This handout from the national suffrage opposition organization, which warned women might place government under “petticoat rule” if they won the right to vote, was widely used by state affiliates. Public domain image.


In November 1913, a group of Houston businessmen and public officials dressed in drag as suffragists marched downtown in a derogatory mock parade staged by a local men’s social club. Some “marchers” even drew guns and pretended to shoot down suffrage opponents along the route, antics which parade watchers found highly amusing.

The incident was extraordinary in ugliness, but not in uniqueness. Opposition to suffrage existed widely from the earliest days of the movement, but it began picking up steam in 1912 following the creation of the National Association Opposed to Woman Suffrage (NAOWS), which was headquartered in New York and had chapters in at least 25 states.

While it’s difficult to comprehend through a contemporary lens, most anti-suffrage efforts were led by women—such as Pauline Kleiber Wells, the head of the Texas Association Opposed to Equal Suffrage (TAOWS), one of the most influential state chapters of the NAOWS. Pauline was married to James Wells, Jr., a powerful South Texas politician who was also a vocal suffrage opponent.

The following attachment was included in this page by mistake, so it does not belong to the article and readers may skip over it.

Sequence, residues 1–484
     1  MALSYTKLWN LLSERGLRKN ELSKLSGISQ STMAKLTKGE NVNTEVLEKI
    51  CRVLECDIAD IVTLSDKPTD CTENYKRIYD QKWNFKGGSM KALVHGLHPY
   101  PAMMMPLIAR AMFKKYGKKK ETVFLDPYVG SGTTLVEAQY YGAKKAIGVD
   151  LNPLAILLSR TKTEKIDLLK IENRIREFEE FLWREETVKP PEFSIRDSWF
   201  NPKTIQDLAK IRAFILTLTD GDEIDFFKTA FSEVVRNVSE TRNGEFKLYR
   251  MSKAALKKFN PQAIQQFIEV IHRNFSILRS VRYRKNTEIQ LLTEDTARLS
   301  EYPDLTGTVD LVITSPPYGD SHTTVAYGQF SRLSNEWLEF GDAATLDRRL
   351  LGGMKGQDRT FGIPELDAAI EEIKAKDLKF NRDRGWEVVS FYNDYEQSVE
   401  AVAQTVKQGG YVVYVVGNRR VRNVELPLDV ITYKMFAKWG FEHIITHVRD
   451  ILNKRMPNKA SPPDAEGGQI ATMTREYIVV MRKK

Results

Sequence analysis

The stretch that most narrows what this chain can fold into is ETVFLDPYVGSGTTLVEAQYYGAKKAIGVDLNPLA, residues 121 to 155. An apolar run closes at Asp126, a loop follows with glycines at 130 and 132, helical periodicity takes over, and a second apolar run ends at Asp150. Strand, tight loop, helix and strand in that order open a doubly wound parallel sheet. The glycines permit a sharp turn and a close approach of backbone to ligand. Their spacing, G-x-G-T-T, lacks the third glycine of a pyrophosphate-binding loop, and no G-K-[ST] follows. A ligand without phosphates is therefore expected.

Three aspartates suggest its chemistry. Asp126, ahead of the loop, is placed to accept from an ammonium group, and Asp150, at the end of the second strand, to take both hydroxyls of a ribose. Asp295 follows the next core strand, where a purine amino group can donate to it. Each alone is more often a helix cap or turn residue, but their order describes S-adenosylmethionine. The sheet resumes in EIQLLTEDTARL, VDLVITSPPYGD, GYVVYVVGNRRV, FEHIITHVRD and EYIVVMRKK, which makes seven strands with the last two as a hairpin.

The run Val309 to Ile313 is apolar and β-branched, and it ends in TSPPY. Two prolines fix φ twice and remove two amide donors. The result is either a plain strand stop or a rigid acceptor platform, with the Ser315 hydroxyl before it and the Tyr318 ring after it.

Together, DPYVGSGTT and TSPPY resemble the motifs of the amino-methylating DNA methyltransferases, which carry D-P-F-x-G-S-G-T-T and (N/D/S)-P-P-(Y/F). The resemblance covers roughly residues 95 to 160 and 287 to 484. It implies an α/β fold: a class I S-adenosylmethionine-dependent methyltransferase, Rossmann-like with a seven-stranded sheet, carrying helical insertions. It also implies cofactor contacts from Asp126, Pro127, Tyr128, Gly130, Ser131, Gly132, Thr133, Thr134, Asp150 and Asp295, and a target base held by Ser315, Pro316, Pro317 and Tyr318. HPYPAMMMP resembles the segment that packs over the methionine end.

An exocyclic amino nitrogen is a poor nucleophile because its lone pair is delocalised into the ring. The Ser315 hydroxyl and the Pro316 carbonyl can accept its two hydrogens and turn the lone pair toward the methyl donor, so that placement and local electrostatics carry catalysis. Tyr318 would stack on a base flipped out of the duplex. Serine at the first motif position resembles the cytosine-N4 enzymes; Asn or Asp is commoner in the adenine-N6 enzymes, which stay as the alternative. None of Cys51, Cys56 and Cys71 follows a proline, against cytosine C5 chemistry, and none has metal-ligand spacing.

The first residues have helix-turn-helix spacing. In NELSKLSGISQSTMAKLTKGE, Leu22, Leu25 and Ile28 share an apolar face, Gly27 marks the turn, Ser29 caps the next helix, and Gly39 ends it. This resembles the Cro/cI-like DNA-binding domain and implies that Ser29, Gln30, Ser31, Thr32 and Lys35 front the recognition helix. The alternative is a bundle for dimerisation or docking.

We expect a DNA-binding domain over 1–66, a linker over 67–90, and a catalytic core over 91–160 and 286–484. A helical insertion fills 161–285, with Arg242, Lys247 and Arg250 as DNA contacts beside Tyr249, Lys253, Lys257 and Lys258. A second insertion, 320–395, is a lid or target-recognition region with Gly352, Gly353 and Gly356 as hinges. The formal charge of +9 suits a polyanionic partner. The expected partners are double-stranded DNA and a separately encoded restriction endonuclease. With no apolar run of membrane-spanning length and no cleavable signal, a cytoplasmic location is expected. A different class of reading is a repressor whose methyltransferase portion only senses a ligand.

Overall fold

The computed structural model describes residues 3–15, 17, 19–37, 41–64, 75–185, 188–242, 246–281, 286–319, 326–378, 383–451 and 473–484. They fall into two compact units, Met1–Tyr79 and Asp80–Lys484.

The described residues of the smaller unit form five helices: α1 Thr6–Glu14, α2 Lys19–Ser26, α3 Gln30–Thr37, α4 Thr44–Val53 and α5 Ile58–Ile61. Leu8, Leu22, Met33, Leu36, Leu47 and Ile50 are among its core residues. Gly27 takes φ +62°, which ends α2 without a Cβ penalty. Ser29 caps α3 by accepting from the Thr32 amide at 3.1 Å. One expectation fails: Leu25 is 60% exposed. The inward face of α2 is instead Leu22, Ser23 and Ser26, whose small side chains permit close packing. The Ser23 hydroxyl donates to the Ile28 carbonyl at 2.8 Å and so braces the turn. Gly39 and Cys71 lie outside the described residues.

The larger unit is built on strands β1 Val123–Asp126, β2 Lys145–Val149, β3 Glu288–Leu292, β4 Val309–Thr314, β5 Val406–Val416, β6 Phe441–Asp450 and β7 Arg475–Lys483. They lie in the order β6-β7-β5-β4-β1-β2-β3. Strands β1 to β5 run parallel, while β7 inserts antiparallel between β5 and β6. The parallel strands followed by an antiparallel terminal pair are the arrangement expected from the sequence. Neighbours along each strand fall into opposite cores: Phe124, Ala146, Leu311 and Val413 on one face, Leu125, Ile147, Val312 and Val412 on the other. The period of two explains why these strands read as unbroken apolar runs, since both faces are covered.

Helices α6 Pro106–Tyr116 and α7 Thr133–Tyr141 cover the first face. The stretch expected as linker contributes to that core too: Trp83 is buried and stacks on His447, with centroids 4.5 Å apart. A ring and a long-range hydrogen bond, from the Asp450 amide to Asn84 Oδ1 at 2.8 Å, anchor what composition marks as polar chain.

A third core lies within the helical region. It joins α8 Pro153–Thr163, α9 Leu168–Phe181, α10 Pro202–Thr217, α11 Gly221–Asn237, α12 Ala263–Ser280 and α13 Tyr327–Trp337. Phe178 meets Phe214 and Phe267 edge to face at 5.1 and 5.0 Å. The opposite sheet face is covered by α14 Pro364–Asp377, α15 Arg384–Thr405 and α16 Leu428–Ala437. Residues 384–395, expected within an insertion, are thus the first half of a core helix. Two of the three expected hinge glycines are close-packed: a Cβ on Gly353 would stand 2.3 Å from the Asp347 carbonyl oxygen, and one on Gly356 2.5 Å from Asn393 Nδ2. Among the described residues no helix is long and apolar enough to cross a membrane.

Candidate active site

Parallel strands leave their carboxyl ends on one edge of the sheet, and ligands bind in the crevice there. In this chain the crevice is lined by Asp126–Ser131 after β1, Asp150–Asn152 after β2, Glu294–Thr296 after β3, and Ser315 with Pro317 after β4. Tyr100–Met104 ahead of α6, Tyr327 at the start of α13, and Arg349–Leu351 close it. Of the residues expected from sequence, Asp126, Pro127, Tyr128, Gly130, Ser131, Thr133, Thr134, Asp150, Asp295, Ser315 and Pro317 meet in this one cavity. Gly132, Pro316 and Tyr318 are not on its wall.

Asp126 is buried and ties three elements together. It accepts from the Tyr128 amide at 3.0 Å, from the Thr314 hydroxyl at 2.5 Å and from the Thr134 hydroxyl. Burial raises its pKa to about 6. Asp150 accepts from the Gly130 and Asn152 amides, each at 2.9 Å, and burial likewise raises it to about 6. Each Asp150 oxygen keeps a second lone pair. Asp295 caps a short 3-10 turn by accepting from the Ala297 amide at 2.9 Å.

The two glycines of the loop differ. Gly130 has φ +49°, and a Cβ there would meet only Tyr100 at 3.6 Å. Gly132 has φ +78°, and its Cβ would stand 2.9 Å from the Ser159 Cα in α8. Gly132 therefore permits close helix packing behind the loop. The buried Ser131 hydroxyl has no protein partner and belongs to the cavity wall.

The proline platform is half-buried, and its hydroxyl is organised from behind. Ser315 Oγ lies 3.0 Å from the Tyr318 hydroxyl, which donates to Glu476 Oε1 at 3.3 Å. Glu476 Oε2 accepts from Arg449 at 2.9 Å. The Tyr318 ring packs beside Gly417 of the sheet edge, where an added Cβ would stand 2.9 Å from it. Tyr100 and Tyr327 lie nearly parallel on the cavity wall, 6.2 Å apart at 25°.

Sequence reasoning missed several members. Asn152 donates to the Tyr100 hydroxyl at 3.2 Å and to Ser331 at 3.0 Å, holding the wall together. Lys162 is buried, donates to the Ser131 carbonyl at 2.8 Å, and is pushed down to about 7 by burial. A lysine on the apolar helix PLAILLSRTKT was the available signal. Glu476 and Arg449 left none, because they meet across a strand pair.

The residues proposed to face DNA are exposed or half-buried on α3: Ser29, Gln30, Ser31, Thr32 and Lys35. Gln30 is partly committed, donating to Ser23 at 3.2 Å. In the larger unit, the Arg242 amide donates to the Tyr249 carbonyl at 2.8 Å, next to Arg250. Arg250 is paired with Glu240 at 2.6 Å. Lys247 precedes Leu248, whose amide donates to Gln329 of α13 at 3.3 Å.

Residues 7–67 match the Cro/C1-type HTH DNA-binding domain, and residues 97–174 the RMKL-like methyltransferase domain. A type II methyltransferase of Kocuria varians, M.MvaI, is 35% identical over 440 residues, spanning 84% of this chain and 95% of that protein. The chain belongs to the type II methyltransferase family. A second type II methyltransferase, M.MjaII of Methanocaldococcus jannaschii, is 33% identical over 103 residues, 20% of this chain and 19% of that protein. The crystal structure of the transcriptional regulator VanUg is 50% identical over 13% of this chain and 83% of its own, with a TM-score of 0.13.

On the left: Men reviewing materials from the National Association Opposed to Woman Suffrage. Image from the Library of Congress.

Although ultimately unsuccessful, the TAOWS did impede progress to secure votes for women in Texas, particularly in 1919 when anti-suffragists helped defeat a state constitutional amendment granting women full suffrage [link to Timeline].

What was behind the opposition?

The arguments against suffrage varied. Some opposed suffrage for religious reasons, or because they believed that giving women an equal voice in government would result in widespread neglect of woman’s primary responsibilities, which were the care of home and children. Others felt that women’s “sacred” role as the keeper of the home made them “above” the dirty business of government and politics, and that the right to vote would make women lose this privileged status.

In many cases, anti-suffragists believed that extending the vote to women would lead to voting rights for non-white minorities and other “undesirables” who might “take over” the government if they got too much power.


On the left: Anti-suffrage media played upon fear of disruptions to the established social order, and were typically manipulative, misleading, demeaning to women, or even violent. Image from the National Women’s History Museum.

Additional Learning:

“Opposition to Suffrage” – from Crusade For the Vote/the National Women’s History Museum